NEW YORK -- For companies eager to spin off a hot technology business, the high-flying Palm Inc. stock sale by parent 3Com Corp. offers a juicy financial incentive -- but also a cautionary lesson for investors.
In the eagerly awaited stock debut, 3Com severed its Palm unit from the rest of the company and sold 23 million shares last Thursday. By week's end, investors had bestowed a stunning market value of $45 billion on the new offspring -- nearly double the value of Palm's far-larger and more established parent, whose stock plunged.Never mind that 3Com still owns 94 percent of the new company, the No. 1 seller of hand-held electronic organizers. Or that Palm's sales last year were about one-sixth of 3Com's revenues, which were derived mostly from networking equipment.
The yawning difference in market capitalizations points out uncertainty over 3Com's future, especially since the company plans to spin off the remainder of Palm to shareholders in a few months and operate independently.
And Palm, although it remains at sky-high levels, fell significantly from its peak Thursday, adding questions about what its true valuation should be.
To be sure, a small group of privileged investors profited from buying Palm stock in the IPO and then quickly selling it, as it soared from an offering price of $38 to a peak of $165 early on its first day of trading Thursday.
But many who bought the stock on the open market fared poorly as it fell steadily later Thursday and Friday, ending the week at $80.25.
"I'd say the majority of people were hurt . . . in that," said Art Bonnel, manager of the $360 million U.S. Global Investors Bonnel Growth Fund, which focuses on mid-sized companies. "When there is a little bit of confusion out there, stocks tend to sell off."
Palm, despite fast-growing sales, is making a risky change in its business model. Its IPO is intended to help fund a new strategy of licensing out its operating system software and letting other manufacturers build hand-held organizers using that system. Within two years, analysts project the company's revenue from selling the Palm gadgets to be surpassed by revenue from licensing fees from the operating system.
The ride in 3Com's stock was as rocky as Palm's. These shares stagnated for months, then rose sharply in the weeks ahead of the Palm offering as investors saw an alternative way of getting Palm shares when they are spun off from 3Com later this year.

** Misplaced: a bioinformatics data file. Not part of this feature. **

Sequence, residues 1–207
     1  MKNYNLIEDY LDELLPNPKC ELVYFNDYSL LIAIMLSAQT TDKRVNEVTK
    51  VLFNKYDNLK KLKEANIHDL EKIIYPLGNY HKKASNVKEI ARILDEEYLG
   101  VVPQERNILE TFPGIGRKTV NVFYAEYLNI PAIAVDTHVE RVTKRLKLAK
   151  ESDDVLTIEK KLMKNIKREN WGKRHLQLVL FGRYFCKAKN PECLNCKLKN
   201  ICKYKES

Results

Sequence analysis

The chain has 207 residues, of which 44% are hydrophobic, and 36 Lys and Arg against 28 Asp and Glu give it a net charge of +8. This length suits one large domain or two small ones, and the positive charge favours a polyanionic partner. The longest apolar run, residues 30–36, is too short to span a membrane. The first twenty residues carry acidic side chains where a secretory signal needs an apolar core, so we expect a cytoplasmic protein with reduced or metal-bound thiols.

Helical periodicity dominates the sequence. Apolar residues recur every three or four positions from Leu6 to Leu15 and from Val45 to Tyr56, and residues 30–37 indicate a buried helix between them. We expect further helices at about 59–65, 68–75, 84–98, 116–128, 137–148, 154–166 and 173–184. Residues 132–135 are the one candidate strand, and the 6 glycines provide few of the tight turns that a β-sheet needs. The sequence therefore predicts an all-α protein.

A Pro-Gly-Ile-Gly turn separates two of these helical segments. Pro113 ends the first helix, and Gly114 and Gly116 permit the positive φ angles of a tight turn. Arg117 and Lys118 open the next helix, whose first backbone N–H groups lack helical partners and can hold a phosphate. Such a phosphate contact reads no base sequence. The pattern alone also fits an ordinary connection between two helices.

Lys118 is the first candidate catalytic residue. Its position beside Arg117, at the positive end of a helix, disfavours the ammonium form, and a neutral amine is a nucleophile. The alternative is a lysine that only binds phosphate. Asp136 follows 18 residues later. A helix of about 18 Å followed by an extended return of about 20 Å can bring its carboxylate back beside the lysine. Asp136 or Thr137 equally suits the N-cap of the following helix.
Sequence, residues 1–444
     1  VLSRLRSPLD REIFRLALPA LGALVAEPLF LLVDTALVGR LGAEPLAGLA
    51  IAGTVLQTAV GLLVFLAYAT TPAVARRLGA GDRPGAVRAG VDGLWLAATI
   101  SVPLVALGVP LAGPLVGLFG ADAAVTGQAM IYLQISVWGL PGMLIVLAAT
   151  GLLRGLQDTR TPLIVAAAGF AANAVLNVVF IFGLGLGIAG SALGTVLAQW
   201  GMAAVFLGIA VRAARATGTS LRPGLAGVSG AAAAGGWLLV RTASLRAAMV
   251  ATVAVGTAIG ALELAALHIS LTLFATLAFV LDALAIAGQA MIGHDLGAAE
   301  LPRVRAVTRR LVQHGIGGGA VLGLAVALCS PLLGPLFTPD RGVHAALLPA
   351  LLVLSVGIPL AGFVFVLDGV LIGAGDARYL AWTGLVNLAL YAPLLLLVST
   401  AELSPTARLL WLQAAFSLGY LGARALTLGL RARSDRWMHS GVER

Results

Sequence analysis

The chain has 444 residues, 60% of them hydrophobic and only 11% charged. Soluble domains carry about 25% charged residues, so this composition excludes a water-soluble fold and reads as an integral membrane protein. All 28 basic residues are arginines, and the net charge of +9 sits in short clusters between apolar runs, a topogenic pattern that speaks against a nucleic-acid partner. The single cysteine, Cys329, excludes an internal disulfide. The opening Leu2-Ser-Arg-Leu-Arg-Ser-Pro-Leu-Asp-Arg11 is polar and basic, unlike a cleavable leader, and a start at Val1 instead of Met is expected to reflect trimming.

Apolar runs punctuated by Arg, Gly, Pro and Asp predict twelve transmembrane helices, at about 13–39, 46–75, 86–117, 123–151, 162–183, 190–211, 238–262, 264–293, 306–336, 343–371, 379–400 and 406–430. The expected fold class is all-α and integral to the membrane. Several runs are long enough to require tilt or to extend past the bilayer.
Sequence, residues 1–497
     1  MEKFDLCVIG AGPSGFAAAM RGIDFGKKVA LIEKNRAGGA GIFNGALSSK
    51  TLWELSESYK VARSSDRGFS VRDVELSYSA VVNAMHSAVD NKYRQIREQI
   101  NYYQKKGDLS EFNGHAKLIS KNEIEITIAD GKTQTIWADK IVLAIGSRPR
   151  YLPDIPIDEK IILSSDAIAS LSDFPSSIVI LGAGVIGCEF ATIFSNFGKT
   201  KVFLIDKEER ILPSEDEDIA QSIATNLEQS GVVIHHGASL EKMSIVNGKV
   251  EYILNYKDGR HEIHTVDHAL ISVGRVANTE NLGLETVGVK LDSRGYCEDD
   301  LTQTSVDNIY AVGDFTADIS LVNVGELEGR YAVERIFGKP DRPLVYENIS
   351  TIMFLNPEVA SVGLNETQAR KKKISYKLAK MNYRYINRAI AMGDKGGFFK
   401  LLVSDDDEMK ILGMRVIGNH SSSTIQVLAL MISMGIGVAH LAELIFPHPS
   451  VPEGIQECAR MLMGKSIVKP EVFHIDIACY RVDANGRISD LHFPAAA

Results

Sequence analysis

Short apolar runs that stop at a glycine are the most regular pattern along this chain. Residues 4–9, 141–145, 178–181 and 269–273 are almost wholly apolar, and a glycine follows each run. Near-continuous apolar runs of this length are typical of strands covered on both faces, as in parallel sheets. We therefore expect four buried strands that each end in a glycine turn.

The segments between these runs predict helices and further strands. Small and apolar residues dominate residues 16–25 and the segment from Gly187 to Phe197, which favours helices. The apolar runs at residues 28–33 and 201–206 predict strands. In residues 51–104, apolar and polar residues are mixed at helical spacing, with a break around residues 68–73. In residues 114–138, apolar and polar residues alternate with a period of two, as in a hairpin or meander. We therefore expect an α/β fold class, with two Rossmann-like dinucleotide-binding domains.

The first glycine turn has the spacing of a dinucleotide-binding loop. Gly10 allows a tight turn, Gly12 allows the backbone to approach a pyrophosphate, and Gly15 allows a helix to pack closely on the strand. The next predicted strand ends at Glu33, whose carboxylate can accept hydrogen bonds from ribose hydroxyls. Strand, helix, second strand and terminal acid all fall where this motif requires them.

However, when Palm went public Thursday, 3Com's stock sunk 21 percent, falling $23.311/4 to $81.811/4. It recovered a bit on Friday to $83.061/4.
Palm opened at 76 Monday; 3Com opened at 841/8.
Analysts said the seesaw debut in part reflected a harsh glare by investors on 3Com's remaining business. While sales of Palm organizers are soaring more than 50 percent a year, 3Com's overall sales -- including Palm -- dropped 4 percent in the latest quarter amid fierce competition from rival makers of networking equipment.
Investors, moreover, are uncertain whether 3Com will complete the distribution of Palm stock to 3Com shareholders, which depends on a ruling from the Internal Revenue Service that the shares will be tax-free. For its part, 3Com says it expects to distribute the Palm stake in six to nine months.
"I think people are just thinking that the spinoff is not a done deal," said Andrew Whittaker, an analyst at Lehman Brothers Inc.
A similar scenario, but with a lot more shareholders at stake, could play out next month when AT&T Corp. spins off its wireless telecommunications division, funding an initiative to bring telephone and Internet service into homes without wires.
The IPO could raise up to $10 billion. The wireless business is one of AT&T's fastest growing, and perhaps its most promising.
Like 3Com, AT&T's remaining business -- particularly its dominant long-distance telephone service -- are slower growing.
In a pattern similar to 3Com, AT&T shares started rising late last month as investors saw a way to eventually snag shares of the wireless stock.
Yet for all the similarities with 3Com's deal, chances appear far slimmer that an AT&T spinoff will exceed the parent's market value, now at a staggering $173 billion.
"Investors are going to be as fickle as they've ever been. But with AT&T you just have a lot more market cap to push around," said Steve Frenkel, a market strategist with the Ladenburg Thalmann & Co. investment firm.
Still, being free of AT&T's management is sure to help the wireless offspring, Frenkel said.
"Getting out from AT&T's imperious management is worth a premium to any small company," he said.